When my daughter was about three years old, and I was exasperated with how to handle her in a particularly challenging parenting situation, I told her, “I’m not really sure what I’m doing—I’ve never been a mom before.”
While it’s usually good to be authentic in our parenting, my words could’ve sent the message that I wasn’t confident in my job as a mom, and that she couldn’t really trust me with that responsibility. I realized later, that she might grow up thinking that since it appeared that I was at a loss for direction, she could tell me how to parent! (Of course, teenagers have lots of parenting advice for their moms, but I didn’t need to encourage that mindset in a preschooler!)
It’s not a bad thing to let our children know we’re fallible, but for the most part, we want our children to see us as a rock, the steady presence they can lean on and turn to. That’s one of the qualities of a good parent we want to cultivate. Here are the 6 things moms need to be for their children.
1. Be your child’s rock.
It’s okay to let our children see us dealing with the ups and downs of life in an authentic way. The key is letting them see us dealing with life’s challenges in a solid way. Show them by being a mom worthy of imitation how to handle the tough times, because if they see you crumble when faced with your own problems, how will they feel confident enough to turn to you with their troubles?
No matter what’s going on in your life, do your best to be a steady, dependable presence for your child. You want them to feel like mom’s got this. That doesn’t mean you have to go it alone. Yes, you may be a rock, but no man, or mom, is an island.
2. Be your child’s cheerleader.
Show your children you believe in them by cheering them on. In literal terms, that means cheering them on in sports, at recitals, and making a fuss over their impromptu plays at home or their latest iMovie.
Give criticism less often than you do compliments (In fact, here are 99 compliments for you to give your kids). And if your child sees you as a cheerleader who really does think they’re great, they’ll be able to take your advice with less defensiveness.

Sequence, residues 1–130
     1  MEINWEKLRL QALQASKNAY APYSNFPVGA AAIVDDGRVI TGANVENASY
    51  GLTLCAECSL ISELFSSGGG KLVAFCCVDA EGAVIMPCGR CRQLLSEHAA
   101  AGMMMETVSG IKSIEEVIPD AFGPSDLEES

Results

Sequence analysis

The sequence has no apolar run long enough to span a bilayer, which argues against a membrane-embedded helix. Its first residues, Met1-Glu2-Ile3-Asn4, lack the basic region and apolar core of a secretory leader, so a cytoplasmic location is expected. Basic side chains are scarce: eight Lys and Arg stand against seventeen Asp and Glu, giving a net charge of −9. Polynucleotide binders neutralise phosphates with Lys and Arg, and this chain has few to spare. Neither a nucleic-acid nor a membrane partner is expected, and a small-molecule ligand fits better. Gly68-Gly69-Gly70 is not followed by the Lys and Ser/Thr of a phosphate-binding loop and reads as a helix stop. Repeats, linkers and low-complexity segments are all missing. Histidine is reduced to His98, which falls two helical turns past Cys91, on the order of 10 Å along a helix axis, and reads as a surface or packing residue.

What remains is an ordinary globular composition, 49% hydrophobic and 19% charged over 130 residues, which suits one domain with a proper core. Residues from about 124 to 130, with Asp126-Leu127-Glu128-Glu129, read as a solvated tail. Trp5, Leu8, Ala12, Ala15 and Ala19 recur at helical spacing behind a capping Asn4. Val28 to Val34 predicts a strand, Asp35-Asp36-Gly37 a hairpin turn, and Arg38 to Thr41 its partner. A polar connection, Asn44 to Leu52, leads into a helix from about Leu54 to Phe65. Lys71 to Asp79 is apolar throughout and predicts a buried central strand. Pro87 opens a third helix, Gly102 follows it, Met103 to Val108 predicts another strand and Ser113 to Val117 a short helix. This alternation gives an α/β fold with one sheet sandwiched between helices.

3. Be your child’s advocate.
We want our children to develop greater independence as they age, but always be on the lookout for the times you need to swoop in and advocate for your child. It can be something as dramatic as being direct with a coach who is treating your child unkindly or as subtle as saying nice things about your child in front of his teacher.
No one loves your child as much as you do. You are the one who knows him best and knows what he needs. Sure, let your child try to fend for himself, but be prepared to stand up for what your child needs.
4. Be your child’s sage.
I may not be able to understand my son’s math homework, but I can direct him to the people and places he can turn to when he needs help. No mom can be an expert on everything, but we do want to be a place of resource for our children when they need advice or help.
To be the wise advisor our child needs, let your children see you go through the motions of making choices. Explain to him what you considered before you acted. Make good choices in your own life so that they will trust you in coming to you for advice.
5. Be your child’s home.
Your child needs you to be the safest, most comfortable, most love-filled place in his world. You need to be your child’s home. No matter what is going on in her life, she needs to feel that with you she has a place where she can find peace.
Your child needs you to be the safest, most comfortable, most love-filled place in his world. You need to be your child’s home.
That can be a tough one for moms. Our lives are so hectic that we feel scattered and stressed and our children sense that. Then, instead of being a loving home base for our children, we’re on edge and angry or just too busy to give them our attention.
Just the other night, my daughter and I were standing at the end of the driveway waving goodbye to some guests we’d had over. I was ready to zip back inside and start cleaning when my daughter said, “Let’s walk, Mom.” It was a beautiful, cool night and as we walked, I put my arm through hers and pulled her close as we made our way down the sidewalk.
She started talking about school in a general sense and then she went a little deeper, sharing thoughts about herself and others. We weren’t in our house, but I could tell by the way she talked, she felt at home.
6. Be your child’s good role model.
If I want my child to be kind, I must be kind. If I want my child to look at life as a gift, I must look at it as a gift. If I want my child to make her bed, I need to make my bed! Think of yourself as a how-to video your child gets to watch every day.
Children love their mothers and often see no wrong in them (again, until those teen years, at least!). Since you are the closest living role model your children see, they need you to be a good role model. You can’t be a perfect role model (believe me, I tried!), but you can be a good one.
That’s our list, what else do you think kids need their moms to be?